2018 Hurricane Seasonal Predictions for the Atlantic, Caribbean and Dominican Republic

2017 Hurricane ForecastThe 2018 hurricane season for the Atlantic Ocean, Gulf of Mexico and Caribbean

2018: What the Experts are Saying

Forecasters predict a 35 percent chance of an above-normal season, a 40 percent chance of a near-normal season, and a 25 percent chance of a below-normal season for the upcoming hurricane season, which extends from June 1 to November 30.

With the advances made in hardware and computing over the course of the last year, the ability of NOAA scientists to both predict the path of storms and warn Americans who may find themselves in harm’s way is unprecedented, said Secretary of Commerce Wilbur Ross. The devastating hurricane season of 2017 demonstrated the necessity for prompt and accurate hurricane forecasts.

NOAA’s forecasters predict a 70-percent likelihood of 10 to 16 named storms (winds of 39 mph or higher), of which 5 to 9 could become hurricanes (winds of 74 mph or higher), including 1 to 4 major hurricanes (category 3, 4 or 5; with winds of 111 mph or higher). An average hurricane season produces 12 named storms, of which 6 become hurricanes, including 3 major hurricanes.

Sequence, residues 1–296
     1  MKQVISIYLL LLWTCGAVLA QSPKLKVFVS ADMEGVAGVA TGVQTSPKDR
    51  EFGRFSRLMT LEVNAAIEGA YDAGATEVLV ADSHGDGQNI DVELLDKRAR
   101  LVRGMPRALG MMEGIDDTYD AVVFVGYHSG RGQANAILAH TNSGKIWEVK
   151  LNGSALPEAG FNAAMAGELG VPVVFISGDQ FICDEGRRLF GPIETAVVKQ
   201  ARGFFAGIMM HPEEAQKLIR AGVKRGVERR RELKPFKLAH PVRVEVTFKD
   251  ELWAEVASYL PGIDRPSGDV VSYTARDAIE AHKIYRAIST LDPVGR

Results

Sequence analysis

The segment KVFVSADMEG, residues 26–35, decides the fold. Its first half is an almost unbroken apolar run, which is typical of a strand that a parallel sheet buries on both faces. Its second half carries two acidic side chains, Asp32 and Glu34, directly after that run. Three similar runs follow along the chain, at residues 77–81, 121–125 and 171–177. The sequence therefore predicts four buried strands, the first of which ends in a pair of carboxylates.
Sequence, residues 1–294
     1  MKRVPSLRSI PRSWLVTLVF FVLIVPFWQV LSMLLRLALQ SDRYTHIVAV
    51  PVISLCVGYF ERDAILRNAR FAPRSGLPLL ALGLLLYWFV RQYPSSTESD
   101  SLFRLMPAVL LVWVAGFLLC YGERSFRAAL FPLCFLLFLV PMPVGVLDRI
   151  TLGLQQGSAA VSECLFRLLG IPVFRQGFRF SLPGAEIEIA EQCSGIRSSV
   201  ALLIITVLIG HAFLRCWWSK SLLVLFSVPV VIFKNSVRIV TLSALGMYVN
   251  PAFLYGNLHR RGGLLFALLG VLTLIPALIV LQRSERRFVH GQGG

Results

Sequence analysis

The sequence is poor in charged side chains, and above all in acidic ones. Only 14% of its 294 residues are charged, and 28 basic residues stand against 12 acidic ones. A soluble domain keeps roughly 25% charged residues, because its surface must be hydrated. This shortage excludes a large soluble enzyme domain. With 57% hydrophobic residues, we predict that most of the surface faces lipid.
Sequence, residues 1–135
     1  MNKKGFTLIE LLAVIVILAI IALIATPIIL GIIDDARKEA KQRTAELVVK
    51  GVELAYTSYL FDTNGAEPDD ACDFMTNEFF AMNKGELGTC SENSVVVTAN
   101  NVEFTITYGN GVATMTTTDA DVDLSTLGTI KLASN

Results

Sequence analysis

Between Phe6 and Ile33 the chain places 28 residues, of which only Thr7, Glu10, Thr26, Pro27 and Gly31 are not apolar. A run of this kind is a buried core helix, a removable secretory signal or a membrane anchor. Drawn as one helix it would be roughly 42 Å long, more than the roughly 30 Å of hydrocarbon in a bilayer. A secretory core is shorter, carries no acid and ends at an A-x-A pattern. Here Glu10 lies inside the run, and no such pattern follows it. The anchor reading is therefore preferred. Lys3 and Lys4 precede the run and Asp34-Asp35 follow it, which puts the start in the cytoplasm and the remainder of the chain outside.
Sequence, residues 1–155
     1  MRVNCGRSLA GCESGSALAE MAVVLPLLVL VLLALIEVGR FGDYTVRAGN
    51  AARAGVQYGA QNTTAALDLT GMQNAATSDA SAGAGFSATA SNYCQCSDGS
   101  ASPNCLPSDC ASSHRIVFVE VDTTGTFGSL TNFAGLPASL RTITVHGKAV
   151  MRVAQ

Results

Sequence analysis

The possibility of a weak El Nino developing, along with near-average sea surface temperatures across the tropical Atlantic Ocean and Caribbean Sea, are two of the factors driving this outlook. These factors are set upon a backdrop of atmospheric and oceanic conditions that are conducive to hurricane development and have been producing stronger Atlantic hurricane seasons since 1995.

NOAA’s observational and modeling enhancements for the 2018 season put us on the path to deliver the world’s best regional and global weather models, said Neil Jacobs, Ph.D., assistant secretary of commerce for environmental observation and prediction. These upgrades are key to improving hurricane track and intensity forecasts, allowing NOAA to deliver the best science and service to the nation.

On May 31, one day before the season officially began, CSU updated their forecast to include Subtropical Storm Alberto, also decreasing their numbers due to anomalous cooling in the tropical and far northern Atlantic.

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